February 14, 2012
February 14, 2012
Ten professionals from a cross-section of sectors have wrapped up a week of intense mediator training organized by the London School of Mediation.
According to the school’s director, senior barrister Jonathan Dingle, The Bahamas is well positioned to offer offshore mediation to countries such as the United States, or even Cuba.
“It’s a neutral place where people can come and mediate their solutions. It’s geographically convenient for major trade centres,” says Dingle, who over the last couple of years has worked in the Cayman Islands, the US, Canada, and the British Virgin Islands.
As he explains, the mediation process is a way to get to the heart of problems very quickly, “teasing out” solutions that come from the people involved, as opposed to having a ruling imposed by the courts which, perhaps, nobody likes.
“The beauty of mediation is that the solution is one that everyone is prepared to live with. It works for them,” says Dingle, founding secretary of the UK Civil Mediation Council–the recognized authority in the UK for all matters related to civil, commercial, workplace and other non-family mediation.
The training course, the school’s seventh in the Caribbean region, ran February 6-10, at the British Colonial Hilton.
“We aim to bring an understanding of mediation [and] to train people to use this fantastic skill. Mediation is an activity that is not only designed for commercial and business enterprises, but also looks at the community, education, health, etc,” says Dingle. “It’s a way of speeding up a resolution of problems with people at every level.”
Participants must master core, soft and higher level skills including the ability to describe how the mediation will work; identify the issues; summarize information, manage relationships; deal appropriately with unethical behaviour; and help participants identify principles and objective criteria that will guide their decision making.
One of the course participants, attorney Margaret Gonsalves-Sabola, believes many matters tend to be settled “when the parties involved are on the court steps.”
“When you bring mediation into that process at an early stage, it will perhaps help to clear up a significant part of the backlog of cases, as it will help parties to settle matters earlier,” said Gonsalves-Sabola, a partner in the law firm McKinney, Bancroft & Hughes. “Perhaps only the more serious and complex ones will eventually make their way to trial.”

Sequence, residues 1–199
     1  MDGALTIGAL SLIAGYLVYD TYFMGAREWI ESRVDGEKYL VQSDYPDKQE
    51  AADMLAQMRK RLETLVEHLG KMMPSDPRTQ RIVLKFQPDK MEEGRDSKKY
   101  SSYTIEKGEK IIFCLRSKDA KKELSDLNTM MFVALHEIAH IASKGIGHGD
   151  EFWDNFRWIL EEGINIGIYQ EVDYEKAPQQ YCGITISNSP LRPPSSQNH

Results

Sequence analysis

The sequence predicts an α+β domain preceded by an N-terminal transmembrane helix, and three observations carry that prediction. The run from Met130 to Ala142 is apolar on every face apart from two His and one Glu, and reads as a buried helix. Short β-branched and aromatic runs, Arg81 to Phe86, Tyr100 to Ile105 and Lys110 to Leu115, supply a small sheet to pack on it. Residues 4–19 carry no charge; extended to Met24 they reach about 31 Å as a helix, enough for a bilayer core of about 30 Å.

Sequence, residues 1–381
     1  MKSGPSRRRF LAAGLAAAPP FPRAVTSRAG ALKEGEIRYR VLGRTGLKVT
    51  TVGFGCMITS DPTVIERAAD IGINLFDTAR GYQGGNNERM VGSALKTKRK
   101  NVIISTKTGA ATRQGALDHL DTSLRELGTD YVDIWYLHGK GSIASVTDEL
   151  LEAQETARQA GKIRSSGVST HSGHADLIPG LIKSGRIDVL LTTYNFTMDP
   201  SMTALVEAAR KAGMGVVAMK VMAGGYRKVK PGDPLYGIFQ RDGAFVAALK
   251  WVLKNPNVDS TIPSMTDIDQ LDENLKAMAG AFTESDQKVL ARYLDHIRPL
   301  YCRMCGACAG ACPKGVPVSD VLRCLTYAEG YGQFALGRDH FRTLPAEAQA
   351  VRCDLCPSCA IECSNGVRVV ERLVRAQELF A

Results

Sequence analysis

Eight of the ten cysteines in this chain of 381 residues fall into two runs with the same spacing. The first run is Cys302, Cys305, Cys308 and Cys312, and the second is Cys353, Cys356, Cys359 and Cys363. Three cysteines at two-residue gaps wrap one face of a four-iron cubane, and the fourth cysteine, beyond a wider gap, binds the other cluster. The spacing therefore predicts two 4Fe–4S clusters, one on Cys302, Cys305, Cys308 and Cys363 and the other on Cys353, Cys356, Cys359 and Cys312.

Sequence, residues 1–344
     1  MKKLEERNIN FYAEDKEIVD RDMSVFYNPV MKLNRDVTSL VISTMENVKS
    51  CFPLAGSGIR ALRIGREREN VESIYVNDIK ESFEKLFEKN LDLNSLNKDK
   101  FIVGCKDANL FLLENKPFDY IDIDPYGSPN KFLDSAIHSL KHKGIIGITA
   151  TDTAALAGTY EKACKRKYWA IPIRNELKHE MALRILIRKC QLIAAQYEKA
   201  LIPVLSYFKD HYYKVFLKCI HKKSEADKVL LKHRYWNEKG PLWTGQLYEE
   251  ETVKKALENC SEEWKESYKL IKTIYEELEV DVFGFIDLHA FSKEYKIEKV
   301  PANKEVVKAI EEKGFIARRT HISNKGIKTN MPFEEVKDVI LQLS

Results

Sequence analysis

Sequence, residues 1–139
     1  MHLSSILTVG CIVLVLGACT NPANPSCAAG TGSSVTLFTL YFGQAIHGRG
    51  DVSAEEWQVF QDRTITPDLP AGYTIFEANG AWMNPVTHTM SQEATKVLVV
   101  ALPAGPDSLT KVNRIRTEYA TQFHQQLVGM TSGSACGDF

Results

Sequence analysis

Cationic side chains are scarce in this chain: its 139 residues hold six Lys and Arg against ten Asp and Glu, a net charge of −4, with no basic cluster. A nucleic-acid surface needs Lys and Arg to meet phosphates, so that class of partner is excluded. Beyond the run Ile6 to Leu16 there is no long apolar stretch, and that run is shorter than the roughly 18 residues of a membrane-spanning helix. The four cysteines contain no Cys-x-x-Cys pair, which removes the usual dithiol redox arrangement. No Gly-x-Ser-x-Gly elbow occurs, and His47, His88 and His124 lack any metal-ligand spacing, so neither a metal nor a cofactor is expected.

Another attorney, Aubynette Rolle, will apply her newly acquired skills settling disputes with trade unions.
Rolle is the director of risk and safety at the Public Hospitals Authority(PHA)–a public corporation responsible for the management and development of the nation’s public hospital system.
“Within the PHA, I can use these skills from a human resource standpoint. It’s also an excellent tool because we have multiple unions representation and there are times when there are union negotiations,” says Rolle. “The skills will assist the employer (PHA) and the union in the careful consideration of what they are going to do and ensure that both sides receive something that’s amicable and can satisfy both.”
Mediators aren’t supposed to arrive knowing the answers, but they know how to get to them. It is this alternate mechanism of dispute resolution that RoyalStar Assurance claims manager Cordell Bullard feels will benefit his company.
“Bringing both sides together as a neutral third party and having them express their differences and arrive to some sort of a resolution without going to court will be of tremendous help, particulary in our sector,” he says. “We are normally involved in disputes and litigation. Mediation is a new and interesting concept for us, but if properly applied, I believe it can work.”
Although it is early days yet, participants have “more or less agreed” to establish a mediator association in The Bahamas, provided they pass the course assessment and open book test. The answers are expected to be electronically submitted by March 1.
Successful participants should receive their certificate before Easter.